HUTSON/PACKERS' RECORD 41-POINT SECOND QUARTER IN '45 REMAINS A MAJOR HIGHLIGHT OF 147-GAME RIVALRY WITH THE LIONS
It was not Don Hutson's final game...
It was, in fact, only Week Two of the 1945 season, his eleventh and last in the National Football League.
But, in the context of his remarkable career, it could well have been termed the last hurrah for the Packers' legendary end, who at the close of the '45 campaign would be retiring as the leading scorer and leading receiver in pro football history.
And said "hurrah," indisputably, remains in a class by itself 59 years later.
Certainly, the incredible show Don Hutson put on against the Detroit Lions at Milwaukee's State Fair Park the afternoon of Oct. 7, 1945, was the most singular performance in a Hall of Fame career replete with distinguished performances - including the then-only four 200-yard receiving games in team annals and a club single-game mark of 14 receptions - the latter still a record today.
With productive collaboration from Hutson's teammates on that distant occasion, the contest remains a major highlight in the Packers' 75-year-old series with the Lions, a relationship that spans 147 games and one that rivals the Packers' venerable feud with the Chicago Bears in terms of frequency.
On that sunny afternoon, the Packers were down 7-0 early in the second quarter of the game when, without warning, circumstances changed dramatically.
At that precise juncture, the Packers proceeded to score 41 consecutive unanswered points - 29 of them by the incomparable Hutson, who caught four touchdown passes and kicked five extra points during that explosive span.
Thus on a record roll, the Green and Gold went on from there to smother Detroit, 57-21.
To this day, it is a quarter that remains unsurpassed in the history of professional football with respect to point production. The 41-point eruption has been equaled - once - but never eclipsed in the intervening 58 years.
And it has been a half-century since that second quarter point-fest was matched - on Oct. 29, 1950 - by the then-Los Angeles Rams against, oddly enough, the same Detroit Lions who had been the victims of the Packers' record performance at Milwaukee in 1945.
Surprisingly, considering that the two highest-scoring teams in Packers' history have surfaced in the past decade (in 1996 and 2003), the 57 points they registered in that '45 demolition of Detroit also remain the most they ever have scored in a regular season game.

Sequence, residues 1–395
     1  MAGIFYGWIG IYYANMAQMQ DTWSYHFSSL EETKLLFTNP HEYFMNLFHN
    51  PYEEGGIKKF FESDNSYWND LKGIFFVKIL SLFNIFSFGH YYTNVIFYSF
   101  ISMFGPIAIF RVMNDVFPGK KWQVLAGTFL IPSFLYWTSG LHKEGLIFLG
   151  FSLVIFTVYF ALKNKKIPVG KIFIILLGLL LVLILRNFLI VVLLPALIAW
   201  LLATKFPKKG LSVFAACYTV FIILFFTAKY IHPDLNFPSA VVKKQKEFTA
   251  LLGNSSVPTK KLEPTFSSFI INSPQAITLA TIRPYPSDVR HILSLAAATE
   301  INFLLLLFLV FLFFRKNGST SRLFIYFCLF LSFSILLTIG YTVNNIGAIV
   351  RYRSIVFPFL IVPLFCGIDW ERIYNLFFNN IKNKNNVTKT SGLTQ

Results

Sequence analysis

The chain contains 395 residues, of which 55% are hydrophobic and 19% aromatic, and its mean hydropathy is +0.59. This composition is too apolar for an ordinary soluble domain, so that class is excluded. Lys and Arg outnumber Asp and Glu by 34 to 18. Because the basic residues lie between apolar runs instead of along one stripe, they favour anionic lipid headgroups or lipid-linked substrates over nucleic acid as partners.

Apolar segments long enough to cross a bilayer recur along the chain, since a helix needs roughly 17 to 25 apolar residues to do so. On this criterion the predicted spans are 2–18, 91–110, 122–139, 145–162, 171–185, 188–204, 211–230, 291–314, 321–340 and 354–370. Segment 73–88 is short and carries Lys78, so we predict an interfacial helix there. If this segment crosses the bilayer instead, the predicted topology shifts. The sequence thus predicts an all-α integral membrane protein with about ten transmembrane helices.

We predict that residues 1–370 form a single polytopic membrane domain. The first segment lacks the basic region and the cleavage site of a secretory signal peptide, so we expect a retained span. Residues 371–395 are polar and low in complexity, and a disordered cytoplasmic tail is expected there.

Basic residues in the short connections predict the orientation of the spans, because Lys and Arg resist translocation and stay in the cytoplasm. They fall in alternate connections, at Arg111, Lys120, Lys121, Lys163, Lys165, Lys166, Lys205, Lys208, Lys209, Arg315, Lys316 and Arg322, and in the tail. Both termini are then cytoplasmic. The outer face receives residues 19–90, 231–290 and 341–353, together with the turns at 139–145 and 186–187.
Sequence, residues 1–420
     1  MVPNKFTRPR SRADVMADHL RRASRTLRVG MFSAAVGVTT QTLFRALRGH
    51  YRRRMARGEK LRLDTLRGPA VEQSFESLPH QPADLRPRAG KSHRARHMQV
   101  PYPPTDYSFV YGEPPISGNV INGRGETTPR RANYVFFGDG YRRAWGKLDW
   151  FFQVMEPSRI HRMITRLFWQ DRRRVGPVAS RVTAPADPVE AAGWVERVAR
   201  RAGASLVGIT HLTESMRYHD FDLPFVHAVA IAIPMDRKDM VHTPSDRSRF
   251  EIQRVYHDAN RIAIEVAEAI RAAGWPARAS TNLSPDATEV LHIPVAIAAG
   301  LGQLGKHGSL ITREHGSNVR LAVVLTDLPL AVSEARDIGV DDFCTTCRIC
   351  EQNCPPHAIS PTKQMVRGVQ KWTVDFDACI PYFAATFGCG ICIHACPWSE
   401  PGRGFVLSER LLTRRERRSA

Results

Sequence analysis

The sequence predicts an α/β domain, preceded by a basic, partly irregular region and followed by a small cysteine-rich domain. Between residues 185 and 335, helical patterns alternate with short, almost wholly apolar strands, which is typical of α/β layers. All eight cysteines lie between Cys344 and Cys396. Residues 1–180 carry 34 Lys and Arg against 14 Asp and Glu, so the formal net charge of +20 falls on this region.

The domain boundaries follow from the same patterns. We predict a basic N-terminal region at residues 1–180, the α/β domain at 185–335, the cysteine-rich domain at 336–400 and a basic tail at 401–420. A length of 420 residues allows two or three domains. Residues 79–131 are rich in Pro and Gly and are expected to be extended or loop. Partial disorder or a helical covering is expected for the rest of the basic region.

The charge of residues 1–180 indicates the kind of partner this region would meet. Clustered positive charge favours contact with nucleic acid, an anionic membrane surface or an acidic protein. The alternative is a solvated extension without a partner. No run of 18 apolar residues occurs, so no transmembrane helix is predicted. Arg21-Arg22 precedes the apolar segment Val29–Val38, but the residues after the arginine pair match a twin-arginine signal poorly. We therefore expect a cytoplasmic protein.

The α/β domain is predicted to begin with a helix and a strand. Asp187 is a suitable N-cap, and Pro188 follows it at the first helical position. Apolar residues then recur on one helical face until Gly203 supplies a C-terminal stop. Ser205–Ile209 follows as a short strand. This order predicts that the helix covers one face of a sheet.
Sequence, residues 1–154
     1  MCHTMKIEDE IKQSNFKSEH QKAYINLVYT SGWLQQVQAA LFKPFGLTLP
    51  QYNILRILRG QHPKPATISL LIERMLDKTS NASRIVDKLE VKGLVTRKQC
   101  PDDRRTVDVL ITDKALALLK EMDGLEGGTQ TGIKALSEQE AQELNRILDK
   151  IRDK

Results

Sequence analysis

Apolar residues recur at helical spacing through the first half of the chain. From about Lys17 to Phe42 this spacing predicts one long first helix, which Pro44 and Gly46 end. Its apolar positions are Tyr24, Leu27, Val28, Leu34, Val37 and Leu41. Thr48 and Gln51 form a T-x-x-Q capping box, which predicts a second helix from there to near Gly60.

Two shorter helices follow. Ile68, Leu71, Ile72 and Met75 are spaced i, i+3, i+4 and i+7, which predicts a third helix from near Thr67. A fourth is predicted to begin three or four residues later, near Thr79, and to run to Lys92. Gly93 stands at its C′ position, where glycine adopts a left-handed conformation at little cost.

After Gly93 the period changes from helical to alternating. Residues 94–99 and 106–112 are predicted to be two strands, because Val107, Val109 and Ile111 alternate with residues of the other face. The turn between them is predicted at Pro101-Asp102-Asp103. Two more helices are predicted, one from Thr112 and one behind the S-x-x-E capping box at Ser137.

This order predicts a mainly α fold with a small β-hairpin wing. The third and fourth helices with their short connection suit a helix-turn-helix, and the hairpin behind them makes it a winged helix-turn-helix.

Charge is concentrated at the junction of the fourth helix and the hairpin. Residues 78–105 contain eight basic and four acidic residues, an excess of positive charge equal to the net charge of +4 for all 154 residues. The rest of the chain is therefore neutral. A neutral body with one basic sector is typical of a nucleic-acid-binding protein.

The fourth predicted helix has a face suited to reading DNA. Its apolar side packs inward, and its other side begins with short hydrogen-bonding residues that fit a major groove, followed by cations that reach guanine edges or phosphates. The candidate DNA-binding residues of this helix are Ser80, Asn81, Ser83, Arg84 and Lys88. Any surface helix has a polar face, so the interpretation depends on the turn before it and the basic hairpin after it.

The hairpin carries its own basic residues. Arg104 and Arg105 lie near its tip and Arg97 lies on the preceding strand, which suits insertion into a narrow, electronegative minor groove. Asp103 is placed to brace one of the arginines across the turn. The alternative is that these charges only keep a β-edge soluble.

Hutson's 29-point effusion likewise continues to reign as an NFL record for a single quarter of production.
One pertinent footnote: On that occasion, the Packers' peerless pass receiver might easily have broken the NFL's single-game record - a 40-point outing by the Chicago Cardinals' Ernie Nevers against the Chicago Bears in 1929 - but he did not play a down from his position in the second half.
In fact, Hutson entered the game only twice during the last two periods - to kick an extra point, in each case. And, consequently, he closed out a memorable afternoon with 31 points.
The latter total remained a Packers record for 16 years - until Oct. 8, 1961, when Paul Hornung amassed 33 points in a 45-7 triumph over the then Baltimore Colts in City Stadium, the Golden Boy posting four touchdowns and kicking six extra points and one field goal.
At the other end of the scoring spectrum, the Packers' rivalry with the Lions produced a rare and tightfisted "standoff" in 1934 - the year the Portsmouth, Ohio, Spartans moved to the Motor City to assume their new identity.
In their first meeting with the newly-rechristened Lions, on Oct. 7, 1934, in Green Bay's "original" City Stadium, Detroit ultimately prevailed, 3-0, on a then-NFL-record, 54-yard field goal by Glenn Presnell.
Seven weeks later, the Packers invaded Detroit for a rematch (Nov. 25, 1934) - and an imposing task in facing a Lions team that had outscored its first 10 opponents that season, 215 points to 27.
With a bristling defense spearheaded by future Hall of Famer Mike Michalske, Milt Gantenbein, Ade Schwammel, Nate Barragar and Bruce Jones, the Packers proceeded to shut out the high-scoring Lions.
Clarke Hinkle, another future Hall of Famer, completed the successful project. He kicked a 47-yard field goal early in the fourth quarter, which became sufficient to carry the day and "certify" a 3-0 Green Bay victory, matching Detroit's early season success in Green Bay.
Hinkle, a Packers wheelhorse for 10 years (1932-41), remains the 10th-ranking scorer in team history (379 points).
Presnell's 54-yard field goal in that first '34 meeting between the Packers and Lions stood as an NFL record for 19 years - until Baltimore's Albert Rechichar surpassed it with a 56-yard effort in 1953.
Presnell died earlier this season at the age of 99.
Continuing an association with the team that is more than 55 years old, Lee Remmel was named the first official Team Historian of the Green Bay Packers in February 2004. The former *Green Bay Press-Gazette reporter and Packers public relations director, Remmel will write regular columns for Packers.com as part of his new assignment.
In addition to those articles, Remmel will answer fan questions in a monthly Q&A column. To submit a question to Remmel, click here. *